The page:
Archivettes by Claire Adler


Scattered with nebulous crockery we talk mothers

their grief, their limpid yearning. Your father is to my father

only quantitatively. His grandmother and her worried son

frantic across the rutted old table. 

Our earnest faith constructs so much glaring, 

translucent joy. I do describe his shoestring body and lie

when I wish his wife would leave him.


Everything here has broken, 

the ragged metal pots and pans which seem 

to crumble, the white frilled bowl like a cockle shell 

was left heaped with rice, the other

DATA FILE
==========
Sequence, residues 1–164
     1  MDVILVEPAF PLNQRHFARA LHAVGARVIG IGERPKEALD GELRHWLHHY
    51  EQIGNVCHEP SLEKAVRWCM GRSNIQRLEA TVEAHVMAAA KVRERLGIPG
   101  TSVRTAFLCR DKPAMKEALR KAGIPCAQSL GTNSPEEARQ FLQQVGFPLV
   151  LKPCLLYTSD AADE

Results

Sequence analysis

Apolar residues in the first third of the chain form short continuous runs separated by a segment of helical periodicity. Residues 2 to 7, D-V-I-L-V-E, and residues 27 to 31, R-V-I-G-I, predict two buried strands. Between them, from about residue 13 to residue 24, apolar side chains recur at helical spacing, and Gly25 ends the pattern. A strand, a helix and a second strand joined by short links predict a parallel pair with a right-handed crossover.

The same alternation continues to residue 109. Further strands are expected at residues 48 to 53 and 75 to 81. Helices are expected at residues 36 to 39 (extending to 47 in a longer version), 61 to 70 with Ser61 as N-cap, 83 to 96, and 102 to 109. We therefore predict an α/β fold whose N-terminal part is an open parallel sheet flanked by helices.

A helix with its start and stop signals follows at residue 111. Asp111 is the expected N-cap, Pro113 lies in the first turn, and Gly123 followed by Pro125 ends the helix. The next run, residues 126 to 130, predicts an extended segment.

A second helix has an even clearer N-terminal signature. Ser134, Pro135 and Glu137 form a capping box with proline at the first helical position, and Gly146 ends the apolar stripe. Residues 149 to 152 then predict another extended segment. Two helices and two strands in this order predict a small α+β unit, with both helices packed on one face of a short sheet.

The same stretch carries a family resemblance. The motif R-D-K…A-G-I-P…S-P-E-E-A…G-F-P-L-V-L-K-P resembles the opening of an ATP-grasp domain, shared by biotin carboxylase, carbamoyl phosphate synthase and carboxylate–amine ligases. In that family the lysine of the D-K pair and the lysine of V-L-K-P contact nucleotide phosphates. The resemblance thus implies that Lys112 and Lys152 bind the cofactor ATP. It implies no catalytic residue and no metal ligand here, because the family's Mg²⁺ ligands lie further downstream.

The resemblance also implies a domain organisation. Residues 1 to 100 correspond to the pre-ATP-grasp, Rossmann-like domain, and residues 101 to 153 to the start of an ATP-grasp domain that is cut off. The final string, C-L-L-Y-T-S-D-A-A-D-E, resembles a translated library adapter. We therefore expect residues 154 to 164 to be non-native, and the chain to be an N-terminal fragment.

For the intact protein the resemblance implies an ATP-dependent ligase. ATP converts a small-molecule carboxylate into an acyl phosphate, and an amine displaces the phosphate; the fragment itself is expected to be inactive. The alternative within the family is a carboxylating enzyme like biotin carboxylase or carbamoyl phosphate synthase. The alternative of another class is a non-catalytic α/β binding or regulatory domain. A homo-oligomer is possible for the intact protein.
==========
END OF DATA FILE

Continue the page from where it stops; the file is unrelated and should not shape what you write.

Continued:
broke easily when it fell. Her things came 

packed poorly in lacerated cardboard and powdered glass

so that much was unidentifiable, and there is a burnt-in gap 

to this smooth brass band in the warm china. Everything

broke, first because it was cheap or old or dropped, 

or wrapped hastily in sparse newsprint, or because 

she grew afraid, towards the end of her life, of residue even, of death.

Claire Adler was born and raised in Salt Lake City, Utah, a fact which she now reluctantly allows to define her entire personality. She attends Barnard College, where she writes poetry in between arguing about gender and baking bread.